Monday, September 03, 2007

Update: “Pollocks”

Newly released information from two studies of a set of disputed “Jackson Pollock” paintings says that 17 of the 26 paintings studied so far contain materials that were patented after Pollock’s death. These paintings come from a cache of 34 done in Pollock’s style that the son of a Pollock friend, Alex Matter, says he found among his late father’s effects in 2002.

The findings were reported in the catalogue for the exhibit “Pollock Matters,” which opened at Boston College Saturday. Organizer Ellen Landau, a Pollock scholar at Case Western Reserve University, in collaboration with Boston College art historian Claude Cernuschi, has assembled more than 170 artworks and ephemera to make the groundbreaking argument that Matter’s father, the designer and photographer Herber Matter, was a key inspiration for Pollock’s signature poured paintings.

Three groups of scientists have now studied the “Pollocks” to date their materials based on when they were patented. The exhibition catalogue reports that the Williamstown firm Orion Analytical (whose findings have not been fully released) found that 16 of 23 Alex Matter paintings contained materials patented after Pollock died when he flipped his convertible near his Long Island home in 1956. The catalogue adds that scientists led by Richard Newman at Boston's Museum of Fine Arts studied six of the same paintings and concurred. They found one of three previously unexamined paintings included a red pigment patented by the Swiss firm “Ciba-Geigy in 1983 and apparently not introduced into the market until a few years later.” These studies corroborate a Harvard study released Jan. 29 that examined three of the same paintings Orion did and found that all of them contained materials patented after Pollock’s death.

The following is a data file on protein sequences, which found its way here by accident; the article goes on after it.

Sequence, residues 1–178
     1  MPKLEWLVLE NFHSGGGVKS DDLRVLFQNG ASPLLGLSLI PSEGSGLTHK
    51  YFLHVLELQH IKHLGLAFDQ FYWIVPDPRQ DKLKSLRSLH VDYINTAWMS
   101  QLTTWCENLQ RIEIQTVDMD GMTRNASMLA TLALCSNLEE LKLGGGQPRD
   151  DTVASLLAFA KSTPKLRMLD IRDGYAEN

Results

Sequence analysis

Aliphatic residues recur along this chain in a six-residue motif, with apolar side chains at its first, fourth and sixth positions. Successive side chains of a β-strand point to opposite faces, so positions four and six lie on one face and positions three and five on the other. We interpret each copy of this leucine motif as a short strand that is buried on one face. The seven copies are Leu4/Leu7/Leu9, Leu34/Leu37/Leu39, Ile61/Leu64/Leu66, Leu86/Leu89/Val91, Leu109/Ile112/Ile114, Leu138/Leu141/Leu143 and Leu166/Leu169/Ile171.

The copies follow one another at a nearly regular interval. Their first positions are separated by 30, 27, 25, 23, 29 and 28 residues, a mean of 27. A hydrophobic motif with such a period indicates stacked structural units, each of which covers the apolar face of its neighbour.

Landau and Cernuschi write in the catalogue’s introduction that “the science of identifying and dating pigments … is not as hard and fast as if often assumed.” They argue that the patent reference books used to date the paintings may be inaccurate or incomplete. They add that the paints may have been custom or experimental paints from Herbert Matter’s brother-in-law’s art supplies shop in Switzerland and so may not appear even in good reference texts.

I hope get into more details over the coming week.

In the meantime, if you’re interested in background, I’ve already reported extensively on the Harvard study and debate surrounding these paintings. Try starting with this link.

“Pollock Matters,” McMullen Museum of Art at Boston College, 140 Commonwealth Ave., Chestnut Hill, Massachusetts, Sept. 1 to Dec. 9, 2007.


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